Manufacturers nearly always recommend a too small gauge. You paid too much for the panels and MPPT to throw away potential as heat. My 220 watt panels came with #8 leads. I ran #6 from the other side of the connector. Panel cables from three panels join at an aluminum junction block in parallel. The line from the block to the charge controller is #4. The line out of the MPPT is the largest the terminal would accommodate. The MPPT is very close to the batteries.

If you woul like to learn more about wire sizing and solar installation check out Handy Bob Solar's web site. A long tirade against the average equipment purveyors but a few gems to glean. https://handybobsolar.wordpress.com

I installed two pole breakers in each panel wire pair so that both wires can be interrupted and the panel isolated. You need to be able to disconnect the panels because it is the only way to shut down the controller if necessary. I also have a two pole circuit breaker on the MPPT output. Collectively these breakers protect your wiring and equipment. An additional benefit is that you can isolate the controller and panels in the event of an electric storm. You will also have a battery sense wire pair. I added a two pole interrupt switch in order to complete the lightning isolation.

After three lightning strikes on Lake Michigan we noted that the only devices that survived were air gap isolated so we have plain old fashioned mechanical two pole toggle switches on every electronic device and the mast wiring passes through a 48 pin connector we pull if an electric storm approaches.
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Old 25-06-2018, 14:16   #42
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Re: Cable sizing and breakers for solar

It seems with the Victron controllers (100/20), the wire receptacle slots from panel to controller and controller to batteries will only take a maximum of 10 gauge wire. How could you use a larger size wire?
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Old 25-06-2018, 15:47   #43
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Re: Cable sizing and breakers for solar

Butt connectors or ferrules.

The fat gauge is for the distance.

Put the SC very close to the target bank, in the same space.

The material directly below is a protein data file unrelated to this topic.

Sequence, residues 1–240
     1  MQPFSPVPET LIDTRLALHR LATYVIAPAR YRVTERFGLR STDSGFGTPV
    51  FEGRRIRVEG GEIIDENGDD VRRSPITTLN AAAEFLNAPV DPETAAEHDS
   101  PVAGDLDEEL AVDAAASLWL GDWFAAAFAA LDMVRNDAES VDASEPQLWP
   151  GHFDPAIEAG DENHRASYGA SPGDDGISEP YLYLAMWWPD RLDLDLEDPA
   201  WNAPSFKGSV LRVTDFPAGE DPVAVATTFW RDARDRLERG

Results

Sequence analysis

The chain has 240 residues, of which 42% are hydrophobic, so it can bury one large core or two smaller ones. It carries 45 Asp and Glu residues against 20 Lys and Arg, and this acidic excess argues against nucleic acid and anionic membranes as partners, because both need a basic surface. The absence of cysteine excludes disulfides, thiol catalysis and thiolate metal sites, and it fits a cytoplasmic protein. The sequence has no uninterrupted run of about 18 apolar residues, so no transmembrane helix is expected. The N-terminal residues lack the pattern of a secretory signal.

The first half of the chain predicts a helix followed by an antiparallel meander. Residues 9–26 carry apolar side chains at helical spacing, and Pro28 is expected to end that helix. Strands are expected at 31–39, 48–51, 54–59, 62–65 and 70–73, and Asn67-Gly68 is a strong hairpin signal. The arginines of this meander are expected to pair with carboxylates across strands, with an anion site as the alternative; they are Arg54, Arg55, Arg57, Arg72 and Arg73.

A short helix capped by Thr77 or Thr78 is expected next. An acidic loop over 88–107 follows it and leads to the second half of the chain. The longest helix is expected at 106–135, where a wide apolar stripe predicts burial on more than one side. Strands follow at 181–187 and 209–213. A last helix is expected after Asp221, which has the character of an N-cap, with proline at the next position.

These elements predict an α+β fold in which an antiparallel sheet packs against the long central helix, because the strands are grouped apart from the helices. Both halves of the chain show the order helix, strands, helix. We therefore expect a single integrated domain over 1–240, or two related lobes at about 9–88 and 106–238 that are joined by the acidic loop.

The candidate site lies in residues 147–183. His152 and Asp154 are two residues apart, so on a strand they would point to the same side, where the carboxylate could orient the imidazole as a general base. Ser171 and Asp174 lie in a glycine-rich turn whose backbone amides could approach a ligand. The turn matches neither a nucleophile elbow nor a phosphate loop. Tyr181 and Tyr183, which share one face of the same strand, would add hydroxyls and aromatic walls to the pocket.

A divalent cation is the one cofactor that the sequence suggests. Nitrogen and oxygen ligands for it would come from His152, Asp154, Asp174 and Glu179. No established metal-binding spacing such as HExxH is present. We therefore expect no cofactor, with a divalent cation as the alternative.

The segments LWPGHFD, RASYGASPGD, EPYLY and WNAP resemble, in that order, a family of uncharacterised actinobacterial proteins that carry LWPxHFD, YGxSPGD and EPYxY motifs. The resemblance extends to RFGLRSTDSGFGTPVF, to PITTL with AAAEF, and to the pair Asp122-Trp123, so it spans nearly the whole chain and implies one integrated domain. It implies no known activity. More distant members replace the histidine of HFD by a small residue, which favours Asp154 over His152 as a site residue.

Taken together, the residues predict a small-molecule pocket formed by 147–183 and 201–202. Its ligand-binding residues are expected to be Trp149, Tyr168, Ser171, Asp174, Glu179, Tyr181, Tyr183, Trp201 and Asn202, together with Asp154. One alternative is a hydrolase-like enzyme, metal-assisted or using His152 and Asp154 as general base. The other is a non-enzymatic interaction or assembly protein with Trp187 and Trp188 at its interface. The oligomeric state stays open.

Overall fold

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Old 03-07-2018, 02:47   #44
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Re: Cable sizing and breakers for solar

Howdy guys.
I am putting together a solar system and would like to get some input on which Circuit Breakers to use. I am connecting 9 x 100Watt panels. I planned on connecting 3 arrays in parallel, each containing 3 panels in series.
Spec:
Voc 21.2V
Ioc 6.25A
Vmp 17.6V
Imp 5.68A

......connected to an Outback Flexmax 80A controller to an 800AH battery bank.

I had a look at these breakers

1.I read somewhere online that a circuit breaker is oblivious to volts because it can in no way measure it. It makes sort of sense but why do most breakers have a voltage rating?

2. What breaker rating between SC and Batt is optimal for my application?

3. What breaker is optimal for use between Solar array and SC?
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Old 03-07-2018, 04:04   #45
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Re: Cable sizing and breakers for solar

With 63v DC you need to careful about the voltage rating of any circuit breakers between the panels and the controller. High DC voltages such as this are much more difficult to interrupt that the equivalent AC voltages. Fire is a real risk.12V DC is very easy to switch and interrupt, but high DC voltages require much more care.

The breaker in your link is rated to 72v DC which would be fine, but it seems a copy of the Blue Seas 285 series. The Blue Seas circuit breaker is only rated to 48v. The circuit breaker in your link may have a better internal construction, but I suspect that is not the case. Personally, I would not trust the circuit breaker in your link on a 63v DC system.

The correct current rating will be listed on the panel specifications as the ďmaximum series fuse ratingĒ. This rating is likely to be around only 15A so high current breakers like the one you listed (the minimum rating is 60A) will protect the wiring, but not the risk of an internal short in the solar panels.

Designing a system that protects against these internal shorts is difficult. It requires multiple breakers with high DC voltage ratings, but relatively low current ratings. Most people ignore these requirements, but I am not sure that is always wise especially if the solar panels are mounted on flammable materials such as a bimini or fiberglass cabin top.

Solar systems on have evolved very rapidly. The system I installed on my first yacht consisted of a single 10w panel with a maximum voltage of about 20v. The latest has over 1000w and a voltage of almost 70v.

With these high powered systems there is a lot of potential energy and voltages that can be lethal. When installing these high powered, high voltage systems many people are using practices and protection devices that were perfectly adequate and safe for small systems, but these large complex systems need higher standard of thought and planning.

Edit: one other consideration that I did not mention is that the circuit breakers in the link are thermal only. If you can fit thermal/magnetic circuit breakers these offer a higher level of protection by reacting faster to high short term overloads.